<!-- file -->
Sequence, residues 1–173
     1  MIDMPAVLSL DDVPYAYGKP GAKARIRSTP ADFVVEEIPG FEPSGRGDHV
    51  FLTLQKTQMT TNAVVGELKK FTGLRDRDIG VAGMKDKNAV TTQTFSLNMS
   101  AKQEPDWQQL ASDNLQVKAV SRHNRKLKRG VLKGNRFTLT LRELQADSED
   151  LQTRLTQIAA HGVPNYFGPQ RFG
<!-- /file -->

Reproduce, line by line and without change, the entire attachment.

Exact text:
Sequence, residues 1–173
     1  MIDMPAVLSL DDVPYAYGKP GAKARIRSTP ADFVVEEIPG FEPSGRGDHV
    51  FLTLQKTQMT TNAVVGELKK FTGLRDRDIG VAGMKDKNAV TTQTFSLNMS
   101  AKQEPDWQQL ASDNLQVKAV SRHNRKLKRG VLKGNRFTLT LRELQADSED
   151  LQTRLTQIAA HGVPNYFGPQ RFG